“A Coach’s Life” with Gene Chizik: Act 2 – Reaching the Pinnacle

By Jeff Greenberg

Football is a sport that is played by kids of all ages, from Pop Warner to the NFL. At every level, there are head coaches, coordinators and assistants. All of these coaches have career goals like you would in any other profession. For some, they like coaching right where they are, whether it be high school, college or one of the many levels in college football. There are coaches that prefer to be an assistant or a coordinator. They like the connection they have with their specific position group. Then there are coaches that know they want to be a head coach; and they want to be a head coach and reach the pinnacle of their profession. They want to be a champion.

In the first part of this series with Coach Chizik, he discussed how he got into coaching and how he worked his way up to be the defensive coordinator for the University of Texas when they won their national championship in 2005. After winning the national championship as a coordinator, Coach Chizik accepted his first head coaching job. This week in our series, “A Coach’s Life,” we bring you “Act 2: Reaching the Pinnacle.”

ACT 2: Reaching the Pinnacle:

  • Soon after winning the national championship at Texas you got your fist head coaching job. What was going through your mind at that moment when you were offered the job? – “Once again, it was just a humbling feeling to be honest. I was thinking to myself, “How is this happening to me? Why am I the lucky one?” Now, don’t get me wrong, there was a ton of hard work that got me to that point, and I never lost sight of that. A ton of ups and downs, but also a lot of learning and preparing for this moment. I had worked for a long time to put myself in this position. Even knowing that, when the moment actually came, I felt blessed and humbled to be given that opportunity. I can tell you, I thought I knew what that feeling in that moment would be like, but I didn’t. All of us, when we’re assistants, think we know what that moment will be like. But we don’t. Until you sit in that seat, you don’t know what it’s like. One thing Tony Dungy told me a long time ago was, “That seat is a lonely seat.” He was 100% accurate. But I loved every minute of it and all of those years of working to get there were worth it.”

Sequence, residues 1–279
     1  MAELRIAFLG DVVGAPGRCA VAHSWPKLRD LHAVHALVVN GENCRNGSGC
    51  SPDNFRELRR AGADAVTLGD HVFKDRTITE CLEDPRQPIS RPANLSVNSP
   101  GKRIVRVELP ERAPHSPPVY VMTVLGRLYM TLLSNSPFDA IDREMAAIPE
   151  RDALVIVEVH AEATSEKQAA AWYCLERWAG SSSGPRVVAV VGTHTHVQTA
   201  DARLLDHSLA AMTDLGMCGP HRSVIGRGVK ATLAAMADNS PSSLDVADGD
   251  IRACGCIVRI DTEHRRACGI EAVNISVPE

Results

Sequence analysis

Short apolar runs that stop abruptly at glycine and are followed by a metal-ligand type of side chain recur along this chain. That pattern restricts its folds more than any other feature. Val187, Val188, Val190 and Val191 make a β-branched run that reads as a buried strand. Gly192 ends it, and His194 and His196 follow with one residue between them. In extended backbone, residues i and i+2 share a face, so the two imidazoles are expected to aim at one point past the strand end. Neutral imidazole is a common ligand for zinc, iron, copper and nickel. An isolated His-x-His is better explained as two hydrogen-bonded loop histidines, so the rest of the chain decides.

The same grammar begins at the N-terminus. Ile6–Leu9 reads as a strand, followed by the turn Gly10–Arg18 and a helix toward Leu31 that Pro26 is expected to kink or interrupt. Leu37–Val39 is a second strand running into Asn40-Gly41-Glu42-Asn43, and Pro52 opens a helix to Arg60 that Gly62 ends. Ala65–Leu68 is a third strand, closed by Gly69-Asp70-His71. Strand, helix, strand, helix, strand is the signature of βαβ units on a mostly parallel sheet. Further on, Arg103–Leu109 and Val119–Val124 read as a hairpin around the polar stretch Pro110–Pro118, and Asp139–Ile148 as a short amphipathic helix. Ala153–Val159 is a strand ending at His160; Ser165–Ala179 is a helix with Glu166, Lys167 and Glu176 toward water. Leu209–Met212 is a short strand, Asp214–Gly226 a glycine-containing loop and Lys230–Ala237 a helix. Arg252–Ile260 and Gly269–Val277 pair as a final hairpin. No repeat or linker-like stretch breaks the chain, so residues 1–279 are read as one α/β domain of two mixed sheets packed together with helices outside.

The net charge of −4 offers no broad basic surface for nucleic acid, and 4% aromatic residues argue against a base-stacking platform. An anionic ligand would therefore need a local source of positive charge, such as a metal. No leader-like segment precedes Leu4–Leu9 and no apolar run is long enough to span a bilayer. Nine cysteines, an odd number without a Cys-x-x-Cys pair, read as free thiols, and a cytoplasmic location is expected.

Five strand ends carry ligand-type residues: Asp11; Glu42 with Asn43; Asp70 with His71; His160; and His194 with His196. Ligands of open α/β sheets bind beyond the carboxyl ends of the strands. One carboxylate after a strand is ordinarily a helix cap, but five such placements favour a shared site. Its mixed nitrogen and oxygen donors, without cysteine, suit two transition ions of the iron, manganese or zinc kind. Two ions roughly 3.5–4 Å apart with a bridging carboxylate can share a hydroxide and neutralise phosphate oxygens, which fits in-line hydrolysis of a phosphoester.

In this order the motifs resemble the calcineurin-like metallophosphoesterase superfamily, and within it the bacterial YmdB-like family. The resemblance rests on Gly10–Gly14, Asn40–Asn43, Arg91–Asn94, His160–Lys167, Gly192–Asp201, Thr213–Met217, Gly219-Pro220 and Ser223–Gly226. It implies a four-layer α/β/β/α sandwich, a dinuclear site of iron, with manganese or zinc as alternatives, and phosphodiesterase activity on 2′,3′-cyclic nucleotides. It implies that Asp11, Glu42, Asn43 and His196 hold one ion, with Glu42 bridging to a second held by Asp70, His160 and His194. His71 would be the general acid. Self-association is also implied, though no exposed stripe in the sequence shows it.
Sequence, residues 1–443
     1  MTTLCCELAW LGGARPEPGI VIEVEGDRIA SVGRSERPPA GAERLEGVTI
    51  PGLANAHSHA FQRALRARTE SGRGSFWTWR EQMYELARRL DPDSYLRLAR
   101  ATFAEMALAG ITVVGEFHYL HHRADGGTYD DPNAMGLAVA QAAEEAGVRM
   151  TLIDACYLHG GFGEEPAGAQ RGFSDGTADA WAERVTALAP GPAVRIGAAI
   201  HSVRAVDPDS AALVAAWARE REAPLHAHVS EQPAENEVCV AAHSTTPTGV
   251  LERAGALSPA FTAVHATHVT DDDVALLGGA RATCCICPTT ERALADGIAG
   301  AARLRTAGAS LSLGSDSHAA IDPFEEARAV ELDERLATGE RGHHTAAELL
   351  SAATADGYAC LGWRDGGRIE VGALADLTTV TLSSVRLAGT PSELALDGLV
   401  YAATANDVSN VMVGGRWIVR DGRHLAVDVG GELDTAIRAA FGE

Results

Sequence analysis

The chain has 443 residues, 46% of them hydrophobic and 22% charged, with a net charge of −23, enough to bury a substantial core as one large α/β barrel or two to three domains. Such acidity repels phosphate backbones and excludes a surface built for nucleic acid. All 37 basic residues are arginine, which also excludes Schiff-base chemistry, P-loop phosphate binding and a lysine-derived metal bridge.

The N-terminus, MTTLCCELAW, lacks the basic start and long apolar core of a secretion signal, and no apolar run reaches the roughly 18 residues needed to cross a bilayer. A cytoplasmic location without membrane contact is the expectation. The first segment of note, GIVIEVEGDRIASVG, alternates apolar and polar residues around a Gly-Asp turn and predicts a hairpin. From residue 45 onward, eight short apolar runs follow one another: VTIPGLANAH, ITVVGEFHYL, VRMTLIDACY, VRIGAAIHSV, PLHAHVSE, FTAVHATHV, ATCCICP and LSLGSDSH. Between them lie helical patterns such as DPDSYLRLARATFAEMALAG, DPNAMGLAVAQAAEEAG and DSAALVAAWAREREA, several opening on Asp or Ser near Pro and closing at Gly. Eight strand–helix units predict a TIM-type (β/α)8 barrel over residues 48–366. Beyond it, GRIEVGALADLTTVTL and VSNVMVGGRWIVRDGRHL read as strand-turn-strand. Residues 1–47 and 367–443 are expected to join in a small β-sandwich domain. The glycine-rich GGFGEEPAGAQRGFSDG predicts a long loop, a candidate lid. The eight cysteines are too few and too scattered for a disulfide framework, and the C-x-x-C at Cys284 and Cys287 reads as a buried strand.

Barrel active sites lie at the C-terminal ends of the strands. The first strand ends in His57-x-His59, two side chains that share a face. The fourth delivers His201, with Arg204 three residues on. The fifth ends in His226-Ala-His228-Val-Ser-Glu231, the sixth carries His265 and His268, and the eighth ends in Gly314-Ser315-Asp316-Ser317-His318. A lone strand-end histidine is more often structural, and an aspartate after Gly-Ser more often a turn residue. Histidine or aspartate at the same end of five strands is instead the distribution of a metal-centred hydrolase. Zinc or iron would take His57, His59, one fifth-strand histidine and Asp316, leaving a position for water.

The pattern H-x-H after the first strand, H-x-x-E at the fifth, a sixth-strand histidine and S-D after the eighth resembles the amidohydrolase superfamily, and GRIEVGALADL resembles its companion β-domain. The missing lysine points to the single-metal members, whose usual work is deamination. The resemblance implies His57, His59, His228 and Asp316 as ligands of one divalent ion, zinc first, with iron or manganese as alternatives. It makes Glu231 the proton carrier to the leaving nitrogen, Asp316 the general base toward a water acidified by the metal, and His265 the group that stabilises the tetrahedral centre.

• What was it like to be able to tell your wife that all of the hard work and the sacrifices your family made had finally paid off in terms of getting a head coaching job? – “It was incredible and it was a moment the two of us will never forget. We had moved 5 times in 6 years at that point. What fans don’t realize is that when a coach moves, the wife is the one that takes the brunt of all of the stress and work it takes to move a family. We have to report to our new job immediately. That leaves your wife to handle everything from packing to buying and selling houses to finding new schools for your kids. A coach’s wife is the rock of every coaching family and they take on the bulk of the burden this job can levy on you at home. So to be able to tell her we reached a major goal of ours was an amazing feeling. Of course, you don’t have a lot of time to sit there and savior that moment. But I’ll never forget that feeling in that moment. It’s a special memory for me.”
  • You mentioned how an assistant doesn’t know exactly what a head coach goes through until they’re sitting in that seat. What were some of the things you encountered in that first year as a head coach that you didn’t expect? – “I didn’t realize how many decisions, that are really outside the realm of X’s and O’s. You’re making at least 30 decisions a day, both large and small. You have to decide things from when you want study hall to start to what flight and airline you want to use to travel each week. Your Sports Information Director is coming at you. Your academic folks are coming at you. Your strength and nutrition staff is coming at you. Your Director of Football Operations is coming at you. Every decision to each group is critical to the entire program. You have to decide it all and make the final call. A million decisions before you even get to the point of discussing how you want to install your offensive and defensive systems. It’s like drinking water from a firehose. And it never stops. The amount of decisions a head coach makes in areas outside of actual coaching blew my mind. That’s a perfect example of what you don’t know until you’re in that seat. You don’t know what you don’t know.”